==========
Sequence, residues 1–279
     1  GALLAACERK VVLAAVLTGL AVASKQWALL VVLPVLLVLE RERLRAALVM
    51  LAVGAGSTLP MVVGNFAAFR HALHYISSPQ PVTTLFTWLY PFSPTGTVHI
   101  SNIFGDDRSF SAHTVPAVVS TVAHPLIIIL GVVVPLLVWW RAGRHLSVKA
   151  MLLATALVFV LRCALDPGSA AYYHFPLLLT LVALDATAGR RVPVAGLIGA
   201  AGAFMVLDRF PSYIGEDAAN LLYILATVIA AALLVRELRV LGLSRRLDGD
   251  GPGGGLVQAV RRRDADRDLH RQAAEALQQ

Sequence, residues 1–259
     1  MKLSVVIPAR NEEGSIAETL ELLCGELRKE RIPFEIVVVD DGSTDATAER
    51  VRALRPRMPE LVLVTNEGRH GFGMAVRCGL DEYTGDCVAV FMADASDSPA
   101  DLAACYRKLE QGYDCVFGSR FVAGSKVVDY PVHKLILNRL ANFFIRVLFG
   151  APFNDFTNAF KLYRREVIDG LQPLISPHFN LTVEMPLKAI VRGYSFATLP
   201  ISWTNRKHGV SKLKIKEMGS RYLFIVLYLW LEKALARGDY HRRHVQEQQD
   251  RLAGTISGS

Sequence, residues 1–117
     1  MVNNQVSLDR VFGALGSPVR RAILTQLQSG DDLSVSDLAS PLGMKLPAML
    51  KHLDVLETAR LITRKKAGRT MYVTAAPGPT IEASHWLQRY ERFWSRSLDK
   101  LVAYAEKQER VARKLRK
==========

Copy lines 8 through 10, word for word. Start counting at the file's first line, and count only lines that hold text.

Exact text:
Sequence, residues 1–259
     1  MKLSVVIPAR NEEGSIAETL ELLCGELRKE RIPFEIVVVD DGSTDATAER
    51  VRALRPRMPE LVLVTNEGRH GFGMAVRCGL DEYTGDCVAV FMADASDSPA